83. That is the number of Americans who die from gun violence each day. Unfortunately, it has taken the tragic shooting in Newtown, Conn. last week for our nation to truly grasp that we have a gun problem.
From the massacre at Columbine High School and the shooting in Tucson, Ariz., to the attack on moviegoers in Aurora, Colo., and now to Newtown, Conn., our country has seen too many mass shootings. But the sad truth is this type of violence takes place on a regular basis in cities across America. Just last month 192 shootings took place in Chicago, Illinois.
We have witnessed far too many tragedies in our communities and country to remain silent and do nothing. Addressing the causes of these tragedies is complex and multi-faceted, but this work must involve effective gun control policies that serve to prevent weapons from falling into the wrong hands.
There are many other costs to gun violence besides the tragic loss of life. The impact of these events leaves communities in turmoil, searching for refuge and tools to to rebuild. As if the shattered psyche of families and communities is not enough, the financial burden of gun violence weighs just as heavily on cities. Along with widespread depreciation of property value in cities, gun-related violence costs calculate to $5 billion annually in America. Of these gun-related incidents, 85 percent of people involved do not have health insurance. This leads cities and communities around America to face the difficult decision to cut valuable social resources and institutions, such as closing city hospitals, to be able to address the costs they incur.
The NAACP has worked for decades to bring an end to gun violence on the national level by advocating for closing the gun show loopholes, which allow individuals to skip the required background checks for purchasing firearms; by supporting the passage of the Brady Handgun Violence Prevention Act of 1993; and by calling for the reenactment of the ban on assault weapons which expired in 2004.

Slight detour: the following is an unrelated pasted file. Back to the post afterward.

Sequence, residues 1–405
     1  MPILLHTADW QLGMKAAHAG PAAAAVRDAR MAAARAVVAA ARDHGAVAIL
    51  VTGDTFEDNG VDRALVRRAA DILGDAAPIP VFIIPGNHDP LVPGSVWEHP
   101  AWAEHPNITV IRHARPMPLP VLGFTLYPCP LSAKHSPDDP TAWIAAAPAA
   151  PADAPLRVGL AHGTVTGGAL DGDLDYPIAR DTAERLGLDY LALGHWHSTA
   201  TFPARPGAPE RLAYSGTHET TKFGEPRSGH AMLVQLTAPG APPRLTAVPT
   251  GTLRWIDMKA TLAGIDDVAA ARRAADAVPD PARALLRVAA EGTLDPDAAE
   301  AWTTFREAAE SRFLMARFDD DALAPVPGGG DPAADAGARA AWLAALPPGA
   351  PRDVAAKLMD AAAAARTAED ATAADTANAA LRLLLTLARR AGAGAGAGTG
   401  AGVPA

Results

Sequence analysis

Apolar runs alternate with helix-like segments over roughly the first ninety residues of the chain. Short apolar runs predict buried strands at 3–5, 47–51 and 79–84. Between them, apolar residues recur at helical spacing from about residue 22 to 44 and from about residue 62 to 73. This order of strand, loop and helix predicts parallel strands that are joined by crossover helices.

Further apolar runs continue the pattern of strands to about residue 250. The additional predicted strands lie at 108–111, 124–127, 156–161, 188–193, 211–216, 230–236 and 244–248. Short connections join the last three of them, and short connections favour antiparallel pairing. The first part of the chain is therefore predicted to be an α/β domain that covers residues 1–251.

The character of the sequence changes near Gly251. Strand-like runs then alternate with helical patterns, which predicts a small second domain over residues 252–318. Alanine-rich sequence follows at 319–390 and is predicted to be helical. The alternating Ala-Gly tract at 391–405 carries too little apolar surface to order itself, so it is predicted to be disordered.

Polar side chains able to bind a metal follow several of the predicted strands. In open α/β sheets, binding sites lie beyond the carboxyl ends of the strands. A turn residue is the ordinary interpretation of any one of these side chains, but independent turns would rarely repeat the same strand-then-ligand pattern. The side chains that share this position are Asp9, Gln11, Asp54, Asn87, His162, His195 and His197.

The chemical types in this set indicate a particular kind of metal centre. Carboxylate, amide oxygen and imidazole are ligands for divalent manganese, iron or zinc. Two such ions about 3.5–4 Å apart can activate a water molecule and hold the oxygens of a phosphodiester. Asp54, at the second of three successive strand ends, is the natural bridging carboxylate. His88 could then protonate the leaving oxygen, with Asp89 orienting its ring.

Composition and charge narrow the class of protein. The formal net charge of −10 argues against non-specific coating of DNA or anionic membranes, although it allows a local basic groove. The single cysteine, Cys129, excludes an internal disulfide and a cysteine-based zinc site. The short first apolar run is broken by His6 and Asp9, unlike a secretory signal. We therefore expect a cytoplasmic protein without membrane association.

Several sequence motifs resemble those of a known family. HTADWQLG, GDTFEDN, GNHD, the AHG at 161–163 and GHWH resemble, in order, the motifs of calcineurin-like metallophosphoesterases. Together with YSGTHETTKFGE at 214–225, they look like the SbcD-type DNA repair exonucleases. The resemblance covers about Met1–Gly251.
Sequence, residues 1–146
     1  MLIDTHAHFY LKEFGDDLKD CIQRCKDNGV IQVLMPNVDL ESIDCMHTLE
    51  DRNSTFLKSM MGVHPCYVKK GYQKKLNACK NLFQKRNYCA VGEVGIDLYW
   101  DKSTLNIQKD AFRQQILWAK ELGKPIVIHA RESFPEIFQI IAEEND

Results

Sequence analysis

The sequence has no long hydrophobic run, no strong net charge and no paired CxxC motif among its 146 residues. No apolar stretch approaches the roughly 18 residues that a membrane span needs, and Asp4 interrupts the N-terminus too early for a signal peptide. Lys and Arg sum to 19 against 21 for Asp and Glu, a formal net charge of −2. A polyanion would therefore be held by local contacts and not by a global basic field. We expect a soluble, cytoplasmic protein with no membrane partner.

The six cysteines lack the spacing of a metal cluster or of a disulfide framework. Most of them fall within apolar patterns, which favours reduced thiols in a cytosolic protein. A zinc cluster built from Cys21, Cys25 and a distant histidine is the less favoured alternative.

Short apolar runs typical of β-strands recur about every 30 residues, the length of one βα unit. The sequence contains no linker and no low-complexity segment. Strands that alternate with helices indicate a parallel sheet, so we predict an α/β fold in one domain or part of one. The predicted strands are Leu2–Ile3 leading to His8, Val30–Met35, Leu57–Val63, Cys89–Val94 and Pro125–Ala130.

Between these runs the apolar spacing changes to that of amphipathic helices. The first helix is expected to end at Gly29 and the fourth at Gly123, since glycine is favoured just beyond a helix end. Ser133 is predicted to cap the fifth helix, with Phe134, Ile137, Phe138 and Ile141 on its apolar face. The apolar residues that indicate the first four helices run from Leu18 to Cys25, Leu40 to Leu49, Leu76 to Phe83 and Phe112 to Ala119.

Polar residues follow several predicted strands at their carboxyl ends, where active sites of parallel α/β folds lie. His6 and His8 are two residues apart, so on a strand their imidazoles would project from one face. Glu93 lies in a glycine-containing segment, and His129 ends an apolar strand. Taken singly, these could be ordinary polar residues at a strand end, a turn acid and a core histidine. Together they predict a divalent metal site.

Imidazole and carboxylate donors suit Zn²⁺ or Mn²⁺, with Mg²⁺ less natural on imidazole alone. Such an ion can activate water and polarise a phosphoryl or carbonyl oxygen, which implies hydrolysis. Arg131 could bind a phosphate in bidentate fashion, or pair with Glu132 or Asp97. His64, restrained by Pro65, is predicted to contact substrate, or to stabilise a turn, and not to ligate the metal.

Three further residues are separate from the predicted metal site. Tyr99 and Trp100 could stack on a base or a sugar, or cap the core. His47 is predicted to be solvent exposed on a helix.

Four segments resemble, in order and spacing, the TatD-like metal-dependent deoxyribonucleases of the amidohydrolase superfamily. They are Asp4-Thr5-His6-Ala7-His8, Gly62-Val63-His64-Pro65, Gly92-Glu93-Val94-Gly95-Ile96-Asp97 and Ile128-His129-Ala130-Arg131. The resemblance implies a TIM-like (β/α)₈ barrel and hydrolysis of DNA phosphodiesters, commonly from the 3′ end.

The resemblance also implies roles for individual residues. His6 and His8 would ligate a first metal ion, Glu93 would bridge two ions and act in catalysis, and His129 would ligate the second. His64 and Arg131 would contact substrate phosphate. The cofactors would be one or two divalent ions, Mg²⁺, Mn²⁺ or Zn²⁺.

And across the country, local NAACP branches have played leadership roles in conducting education workshops on gun violence and even coordinating gun buyback programs with local law enforcement.
Now, as we mourn the loss of 20 innocent children and six heroic educators, our nation must come together, act to address this issue, fight for the measures that are needed to curb the trajectory of gun-related violence and deaths. We must ensure that we never bear witness to another travesty like the violence across Chicago and in Newtown.
The crisis of violence in America is one that has historically disproportionately impacted communities of color. In fact, Black males between the ages of 15-19 are almost five times more likely than their White peers and more than twice as likely as their Hispanic peers to be killed by firearms. And the number of Black children and teens killed by gunfire since 1979 is 39,957 -- more than ten times the number of Black citizens of any age lynched throughout American history (3,437). Hence, this is an issue with which the NAACP has grappled for over a century.
Yet, the impact of the violence epidemic in America is not contained to any one community. Since 1979, gun violence has ended the lives of 107,603 children and teens in America: sixty percent of them White, thirty-seven percent of them African American. And as the recent shooting incidents show, unless we are willing to take meaningful action to create change in our policies and in our culture, it could happen to anyone, anywhere, at anytime.
Last Friday's massacre in Newtown should serve as a wakeup call to us all, irrespective of political views. It should warn us that unless we work together to address the complex root causes of violence in this nation and recognize that implementing sensible gun control policies must be a major part of this effort, we will continue to see innocent people - men, women and children -- senselessly sacrificed for our inaction.
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